By Greg Stutchbury
DUNEDIN, New Zealand, March 6 (Reuters) - Bruce Martin had been waiting 13 years to be presented with his first test cap, which finally came on Wednesday when he was named in the New Zealand side to face England in the opener of their three-match series.
Unfortunately, the 32-year-old spinner's actual playing debut was delayed a bit longer with the first day in Dunedin completely washed out after New Zealand captain Brendon McCullum won the toss and sent England in.
"It's pretty exciting getting handed that cap first thing in the morning," Martin told reporters after play was finally abandoned at 1615 local (0315 GMT).
"To get through warmups and get a roll out there before it happened (then) it was a little frustrating to sit around the shed all day and think how it's going to pan out."
Martin's wait at a damp and chilly University Oval was nothing compared to the patience he had exhibited in finally making the test side.
The left arm spinner was originally named in a test squad in early 2000 to face Australia when Daniel Vettori was injured but was made 12th man.
He then spent more than a decade in the international wilderness, carving out a respectable first class career but always seemingly thwarted by Vettori's longevity.
He was recalled to the squad for their tour of South Africa late last year, but again excluded from the playing team.
Vettori's long-term Achilles injury thrust him back into the frame, and he was named in the 13-man squad for Dunedin.
Expectations were that he would debut at University Oval, although local media speculated earlier this week that New Zealand were weighing a four-pronged pace attack.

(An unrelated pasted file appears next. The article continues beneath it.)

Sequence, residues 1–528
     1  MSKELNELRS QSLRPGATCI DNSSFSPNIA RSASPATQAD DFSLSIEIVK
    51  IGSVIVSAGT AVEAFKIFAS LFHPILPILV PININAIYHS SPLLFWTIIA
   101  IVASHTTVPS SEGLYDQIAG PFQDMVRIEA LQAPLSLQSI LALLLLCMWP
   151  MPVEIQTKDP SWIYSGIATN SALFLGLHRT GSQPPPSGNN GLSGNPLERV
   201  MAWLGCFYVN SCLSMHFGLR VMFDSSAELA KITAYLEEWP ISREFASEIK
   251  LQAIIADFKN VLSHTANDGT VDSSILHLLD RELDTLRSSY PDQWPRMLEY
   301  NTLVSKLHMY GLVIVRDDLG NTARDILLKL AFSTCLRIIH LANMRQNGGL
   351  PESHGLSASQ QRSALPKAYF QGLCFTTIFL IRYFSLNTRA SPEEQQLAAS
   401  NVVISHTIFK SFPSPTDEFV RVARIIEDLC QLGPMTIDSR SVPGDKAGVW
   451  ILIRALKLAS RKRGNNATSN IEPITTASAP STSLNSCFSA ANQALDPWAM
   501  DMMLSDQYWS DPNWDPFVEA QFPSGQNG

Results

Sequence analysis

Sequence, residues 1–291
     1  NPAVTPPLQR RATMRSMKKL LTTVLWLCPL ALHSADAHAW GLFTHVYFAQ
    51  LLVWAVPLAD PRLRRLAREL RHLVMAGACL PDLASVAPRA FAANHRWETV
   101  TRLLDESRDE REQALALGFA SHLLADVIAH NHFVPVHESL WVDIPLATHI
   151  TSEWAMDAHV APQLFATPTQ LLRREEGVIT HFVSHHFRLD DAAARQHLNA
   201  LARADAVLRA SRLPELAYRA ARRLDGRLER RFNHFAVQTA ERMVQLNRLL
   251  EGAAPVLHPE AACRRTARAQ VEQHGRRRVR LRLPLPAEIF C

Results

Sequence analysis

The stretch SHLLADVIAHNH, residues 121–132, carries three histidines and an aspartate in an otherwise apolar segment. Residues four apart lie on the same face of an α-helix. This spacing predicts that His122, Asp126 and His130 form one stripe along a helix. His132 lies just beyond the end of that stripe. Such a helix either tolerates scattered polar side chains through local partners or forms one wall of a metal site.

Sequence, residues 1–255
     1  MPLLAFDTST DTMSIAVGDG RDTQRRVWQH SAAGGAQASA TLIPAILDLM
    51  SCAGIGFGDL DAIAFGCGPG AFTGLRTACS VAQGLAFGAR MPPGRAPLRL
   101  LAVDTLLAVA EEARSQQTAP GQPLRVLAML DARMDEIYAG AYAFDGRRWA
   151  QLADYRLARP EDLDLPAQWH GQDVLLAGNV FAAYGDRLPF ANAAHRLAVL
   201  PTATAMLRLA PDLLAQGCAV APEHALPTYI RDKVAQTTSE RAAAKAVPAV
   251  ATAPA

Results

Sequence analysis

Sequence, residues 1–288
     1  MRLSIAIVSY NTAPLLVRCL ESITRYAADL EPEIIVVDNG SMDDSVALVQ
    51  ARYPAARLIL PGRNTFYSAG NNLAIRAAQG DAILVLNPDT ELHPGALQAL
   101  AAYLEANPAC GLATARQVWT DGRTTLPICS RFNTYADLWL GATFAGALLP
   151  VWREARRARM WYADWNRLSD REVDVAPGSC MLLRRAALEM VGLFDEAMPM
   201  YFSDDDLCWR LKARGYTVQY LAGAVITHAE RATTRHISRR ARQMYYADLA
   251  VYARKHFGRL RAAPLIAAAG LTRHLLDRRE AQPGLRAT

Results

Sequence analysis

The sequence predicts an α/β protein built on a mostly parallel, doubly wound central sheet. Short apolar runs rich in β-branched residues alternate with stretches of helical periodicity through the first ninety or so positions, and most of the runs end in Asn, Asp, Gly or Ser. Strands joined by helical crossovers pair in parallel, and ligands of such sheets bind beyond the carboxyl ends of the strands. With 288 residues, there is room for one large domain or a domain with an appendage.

"I went to bed last night a little bit unsure and there was a lot of that talk around," Martin said with a smile when asked about his thoughts in the leadup. "But I knew I had half a chance.
"I bowled pretty well in the nets yesterday, I was pretty happy with the work I did there. It worked out for the best."
McCullum waited until the team's morning warmup to tell Martin the good news and former New Zealand pace bowler Simon Doull presented the spinner with his test cap.
"I never gave up hope, I just needed a kick up the backside and a bit of a change and moving up to Auckland helped," Martin added of his move north for the 2010/2011 domestic season.
"I changed the way I played cricket and found a bit of enjoyment in the game which was lacking the last few years at ND (Northern Districts) where I was drifting a bit.
"I've been close a couple of times and been on a couple of tours and named in that first team in 1999 ... so it's nearly 14 years of toiling away.
"To get it was very special and it was nice that Doully was there to hand me that cap. I played my first year at Northern Districts with (him).
"It was pretty special."
(Editing by Ian Ransom)